My friend Suzi recently launched her website orgfork.com.au, and I was very honoured when she asked me to write an article on being fructose intolerant. It’s become a huge part of my life but I HATE those people that constantly talk about being gluten-free/organic/I-quit-sugar crap!
So what you read below is ALL I will EVER say about the topic haha. But I guess in a way, by talking about it more people will understand how difficult it is having an intolerance and how awesomeeeeee it would be to just eat whatever you want! Anyway I’ve written a couple more articles for OrkFork which I’ll post soon. So without further ado here’s my article 🙂
Love you all ❤
I first discovered that my body couldn’t absorb fructose seven months ago. Previously, doctors had conducted vague tests on me assuming I was gluten intolerant. But every morning I would still be curled up in bed, not wanting to move a muscle, fearing that if I did, my stomach would rip in two. I knew it was serious when I started taking days off work. But everything changed when I made an appointment with a dietician. After reading the food diary I’d been keeping, he instantly knew fructose was the cause. He said anything can trigger an intolerance, from pregnancy to moving countries. In my case, it was a single, stressful and traumatic event. It’s funny how your body reacts in ways you can’t comprehend. But unlike the overnight formation, once you are intolerant, you will be that way forever. For my own sanity, I forked out $400 to get tested over 2 months just to be sure. The news wasn’t sinking in.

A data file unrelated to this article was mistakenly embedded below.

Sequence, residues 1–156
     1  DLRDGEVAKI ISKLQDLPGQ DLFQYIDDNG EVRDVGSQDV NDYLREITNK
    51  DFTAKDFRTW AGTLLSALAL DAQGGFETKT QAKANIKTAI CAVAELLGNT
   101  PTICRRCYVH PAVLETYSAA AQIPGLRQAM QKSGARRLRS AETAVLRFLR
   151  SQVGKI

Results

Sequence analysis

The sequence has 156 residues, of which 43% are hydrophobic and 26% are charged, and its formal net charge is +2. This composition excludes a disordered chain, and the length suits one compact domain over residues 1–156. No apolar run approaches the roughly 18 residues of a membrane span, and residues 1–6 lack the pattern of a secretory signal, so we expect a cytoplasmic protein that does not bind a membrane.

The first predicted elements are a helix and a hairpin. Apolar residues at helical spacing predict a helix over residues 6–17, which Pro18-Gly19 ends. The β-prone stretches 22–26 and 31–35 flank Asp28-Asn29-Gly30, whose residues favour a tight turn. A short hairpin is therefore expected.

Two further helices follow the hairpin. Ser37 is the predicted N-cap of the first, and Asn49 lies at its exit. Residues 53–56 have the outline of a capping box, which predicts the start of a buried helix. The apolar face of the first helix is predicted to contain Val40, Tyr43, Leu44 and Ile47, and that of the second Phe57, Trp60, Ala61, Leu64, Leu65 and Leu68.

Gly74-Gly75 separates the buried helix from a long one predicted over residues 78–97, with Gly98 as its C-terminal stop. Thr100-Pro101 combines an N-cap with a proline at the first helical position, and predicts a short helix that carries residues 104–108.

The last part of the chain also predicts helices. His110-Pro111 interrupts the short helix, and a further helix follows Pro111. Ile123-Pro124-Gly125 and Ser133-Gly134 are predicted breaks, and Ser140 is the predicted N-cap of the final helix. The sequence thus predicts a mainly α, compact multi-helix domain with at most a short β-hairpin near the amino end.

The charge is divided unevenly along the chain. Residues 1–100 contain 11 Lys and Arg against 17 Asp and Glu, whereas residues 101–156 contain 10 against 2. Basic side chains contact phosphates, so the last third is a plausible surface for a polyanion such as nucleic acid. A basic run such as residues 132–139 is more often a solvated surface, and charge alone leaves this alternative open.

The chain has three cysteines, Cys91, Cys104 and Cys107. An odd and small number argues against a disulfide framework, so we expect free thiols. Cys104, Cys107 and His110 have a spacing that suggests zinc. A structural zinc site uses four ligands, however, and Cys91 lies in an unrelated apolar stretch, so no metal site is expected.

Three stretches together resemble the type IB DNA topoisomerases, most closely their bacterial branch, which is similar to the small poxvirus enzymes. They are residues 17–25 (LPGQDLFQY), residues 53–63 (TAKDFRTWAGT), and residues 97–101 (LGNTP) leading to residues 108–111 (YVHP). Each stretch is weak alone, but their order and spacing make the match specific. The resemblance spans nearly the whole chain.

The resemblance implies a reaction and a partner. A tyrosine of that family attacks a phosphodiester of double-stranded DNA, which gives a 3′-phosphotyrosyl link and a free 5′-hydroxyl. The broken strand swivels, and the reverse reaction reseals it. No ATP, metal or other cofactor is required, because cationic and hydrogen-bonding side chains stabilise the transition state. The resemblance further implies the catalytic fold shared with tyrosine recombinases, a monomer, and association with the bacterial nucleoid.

I’m really not one to bitch and moan about things, because honestly, I have it pretty good. Great friends, supportive family, awesome job. But it’s surprising how being unable to eat most foods can really take a toll on your mental state. It’s almost unfair, like the world is playing one big trick on you. You have enough money to go to nice restaurants, but you can’t eat a single thing on the menu. You have a birthday, and you can’t even eat the cake! There is a lack of awareness within our community, and a serious lack of options for people like me. Gluten and lactose intolerance have become buzzwords, but a lot of people still think fructose is just fruit.
Now for the educational part. (Try explaining this to your Greek grandma who considers lasagne an entree).
Fructose is also a compound of wheat, which gets frustrating when restaurants suggest gluten-free meals. For the record, gluten and wheat are two different things! And wheat isn’t just in bread. It’s found in “extras” such as mayonnaise and terriyaki sauce. So fructose-free meals are usually very plain. On top of that, sorbitol intolerance often goes hand-in-hand with fructose intolerance, and if you looked at the ingredients of toothpaste, chewing gum and diet soda, you’d see it’s a main ingredient. I know, a joke, right?
I’m still no expert on the issue, even though I’ve read so much information on the topic, but now I am slowly learning what works for me. Like in every other facet of life, every body is different, and being intolerant to certain foods is no exception. The word “intolerance” signifies a degree of tolerance, so while some fructose malabsorbers can handle a bit of avocado in their sushi roll, or the accidental pistachio mixed into their bag of nuts, others will eat the same amount and suffer for days. That’s why the fructose-free FODMAPs diet is so easy for me to follow – simply because the consequential pain is just not worth it.